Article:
Bitcoin: Why institutional investors aren’t worried about BTC’s price
Bitcoin has been on a virtually unstoppable rally since October 2020, with the cryptocurrency touching an all-time high of over $58,000 a few weeks ago. At press time, however, the market-leading digital asset was trading at around $48,400 after a serious bout of volatility. It can be argued, however, that the aforementioned value is still a relatively high price for most retail investors to consider an investment.
Macro investor Raoul Pal feels differently though, with Pal recently asserting that Bitcoin’s “high price” is solely a retail mindset, and institutional investors don’t look at it the same way. This has allowed a comparison to be drawn between Bitcoin’s present rally to the one seen in 2017-18. While the latter was mostly retail-driven, institutions are the major market participants this time around.
In a podcast exploring what traditional investors think of Bitcoin, Pal told Peter McCormack that for institutions, price is relative. Institutions are more concerned with the rate of adoption, the state of regulations, and what the current market capitalization is. According to Pal, the more it goes up, the more the market cap of Bitcoin makes it available for them to purchase. He explained,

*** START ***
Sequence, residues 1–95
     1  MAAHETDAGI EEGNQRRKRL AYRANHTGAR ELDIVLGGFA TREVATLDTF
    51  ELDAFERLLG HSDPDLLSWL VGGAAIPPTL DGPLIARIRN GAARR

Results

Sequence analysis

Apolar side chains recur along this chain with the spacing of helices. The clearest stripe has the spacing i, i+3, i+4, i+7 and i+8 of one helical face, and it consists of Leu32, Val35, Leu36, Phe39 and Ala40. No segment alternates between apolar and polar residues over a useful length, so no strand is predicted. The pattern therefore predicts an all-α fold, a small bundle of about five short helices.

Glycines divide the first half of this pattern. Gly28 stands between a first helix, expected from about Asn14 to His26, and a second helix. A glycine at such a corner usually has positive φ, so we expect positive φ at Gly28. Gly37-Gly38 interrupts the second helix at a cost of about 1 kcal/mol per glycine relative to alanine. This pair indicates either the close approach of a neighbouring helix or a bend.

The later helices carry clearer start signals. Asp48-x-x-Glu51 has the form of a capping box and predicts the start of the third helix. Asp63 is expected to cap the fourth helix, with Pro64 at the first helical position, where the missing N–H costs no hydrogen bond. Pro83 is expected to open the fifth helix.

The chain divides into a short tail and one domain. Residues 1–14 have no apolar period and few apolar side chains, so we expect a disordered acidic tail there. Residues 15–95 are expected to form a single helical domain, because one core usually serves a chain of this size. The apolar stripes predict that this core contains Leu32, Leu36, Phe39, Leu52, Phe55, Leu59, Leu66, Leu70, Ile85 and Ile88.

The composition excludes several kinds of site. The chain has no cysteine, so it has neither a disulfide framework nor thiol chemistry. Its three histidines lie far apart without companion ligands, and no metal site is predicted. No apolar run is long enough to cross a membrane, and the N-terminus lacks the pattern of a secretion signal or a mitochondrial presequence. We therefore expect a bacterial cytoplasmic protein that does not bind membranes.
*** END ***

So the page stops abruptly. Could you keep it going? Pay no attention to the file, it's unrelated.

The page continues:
“Price is a function of that growing market cap… but if you’re BlackRock you would not have looked at it until it got to this near trillion dollar market cap.”
In his view, traditional investors don’t typically purchase a Fortune 500 company in anticipation of how much the price will hike. Rather, what concerns them is what portfolio diversification effects that particular stock will have and how it performs over the market cycle.
Pal believes that a one trillion dollar market cap implies a structural change in the market and the kind of market participants in the crypto-space.
“When it’s a $10 trillion dollar asset, it’s not going to get regulated to zero. Because $10 trillion dollars is owned by individuals, pension plans, and corporations.”
Pal concluded by arguing that the current state of the market looks “perfect technically,” has a good roadmap and good seasonality, and the only real thing that stands in the way of a wall of institutional money coming in is the fact that these large institutions need time to build out infrastructure to manage their crypto-positions.
“If you can’t find conviction here, you’re never going to find it. This is the perfect storm for Bitcoin.”